A postapoc­a­lyp­tic Ethiopian dream

CityPress - - Voices - Grethe.koen@city­press.co.za

sports icons from our era are now wor­shipped like deities – a Michael Jack­son vinyl is de­scribed as “third cen­tury, pop­u­lar among the Mole­gan war­riors to in­stil courage on the bat­tle­field”.

Like many peo­ple, I hate watch­ing movies I don’t un­der­stand. The con­stant hu­man urge to fig­ure it all out be­comes frus­trat­ing and over­pow­er­ing, and un­less the film evokes some deep emo­tion in me, I stop watch­ing.

But with Crumbs, the state of not un­der­stand­ing the frag­mented plot be­comes bliss­ful. The movie’s fluid, down-tempo sur­re­al­ism is al­most ther­a­peu­tic and I sat con­tent­edly view­ing the strange im­ages and di­a­logue in front of me.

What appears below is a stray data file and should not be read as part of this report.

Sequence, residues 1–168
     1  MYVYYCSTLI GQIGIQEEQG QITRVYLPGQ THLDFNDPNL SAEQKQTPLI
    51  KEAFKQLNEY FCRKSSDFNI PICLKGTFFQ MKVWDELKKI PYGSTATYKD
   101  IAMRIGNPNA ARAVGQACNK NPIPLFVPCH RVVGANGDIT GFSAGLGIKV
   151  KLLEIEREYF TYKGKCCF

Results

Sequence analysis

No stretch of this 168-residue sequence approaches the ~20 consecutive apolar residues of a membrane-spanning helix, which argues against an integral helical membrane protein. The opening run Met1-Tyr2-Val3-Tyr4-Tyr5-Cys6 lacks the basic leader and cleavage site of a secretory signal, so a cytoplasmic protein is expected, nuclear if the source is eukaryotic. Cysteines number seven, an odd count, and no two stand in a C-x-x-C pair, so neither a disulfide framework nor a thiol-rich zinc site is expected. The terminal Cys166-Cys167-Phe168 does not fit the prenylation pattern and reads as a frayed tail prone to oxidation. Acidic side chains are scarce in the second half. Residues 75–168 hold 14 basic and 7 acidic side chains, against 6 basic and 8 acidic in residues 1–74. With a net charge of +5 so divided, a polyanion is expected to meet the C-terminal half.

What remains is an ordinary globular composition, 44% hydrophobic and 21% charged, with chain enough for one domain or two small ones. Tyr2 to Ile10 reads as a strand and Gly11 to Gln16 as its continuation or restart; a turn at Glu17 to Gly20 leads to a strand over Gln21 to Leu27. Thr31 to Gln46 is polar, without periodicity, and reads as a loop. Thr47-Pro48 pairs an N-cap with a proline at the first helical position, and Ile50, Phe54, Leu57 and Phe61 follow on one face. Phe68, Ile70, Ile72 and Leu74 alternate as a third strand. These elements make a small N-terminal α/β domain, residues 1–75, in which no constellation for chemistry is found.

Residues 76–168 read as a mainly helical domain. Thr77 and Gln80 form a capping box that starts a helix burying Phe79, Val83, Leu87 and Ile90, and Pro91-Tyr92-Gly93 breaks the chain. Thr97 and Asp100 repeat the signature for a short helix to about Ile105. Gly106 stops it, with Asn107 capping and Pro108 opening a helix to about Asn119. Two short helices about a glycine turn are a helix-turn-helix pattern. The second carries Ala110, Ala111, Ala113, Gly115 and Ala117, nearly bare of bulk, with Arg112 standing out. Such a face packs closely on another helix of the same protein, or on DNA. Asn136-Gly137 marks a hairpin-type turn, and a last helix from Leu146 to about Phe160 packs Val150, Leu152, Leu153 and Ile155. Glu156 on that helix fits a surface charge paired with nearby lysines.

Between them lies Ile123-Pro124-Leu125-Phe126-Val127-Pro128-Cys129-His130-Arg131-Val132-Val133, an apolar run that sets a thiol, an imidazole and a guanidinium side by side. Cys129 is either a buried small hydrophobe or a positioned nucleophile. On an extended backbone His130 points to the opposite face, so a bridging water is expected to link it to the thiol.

Llansó has a won­der­ful eye for beau­ti­ful shots, and the fact that the movie takes place in the lush, des­o­late and colour-sat­u­rated wilder­ness of Ethiopia makes it vis­ually rich. Then of course, there is his use of stark, non­sen­si­cal im­agery to ar­rest the eye.

The scene where Candy meets Santa Claus will prob­a­bly stay with me for­ever. Santa is a bel­liger­ent old man who ac­cuses Candy of wear­ing a Nazi sym­bol on his chest (it’s ac­tu­ally the Su­per­man logo) and then uses a chil­dren’s tri­cy­cle to hit him with.

As I said, it doesn’t al­ways make sense, but it’s won­der­ful to watch.

If you feel like ex­pe­ri­enc­ing an evoca­tive, deeply unique piece of film mak­ing, watch Crumbs. It’s a movie you will never for­get.

Catch Crumbs at the Dur­ban In­ter­na­tional Film Fes­ti­val tonight at the Sun­coast Casino at 7.30pm or on July 26 at

Ster-Kinekor Mus­grave at 1.15pm

BAD SANTA The jar­ring im­agery in Crumbs makes this film a vis­ual feast

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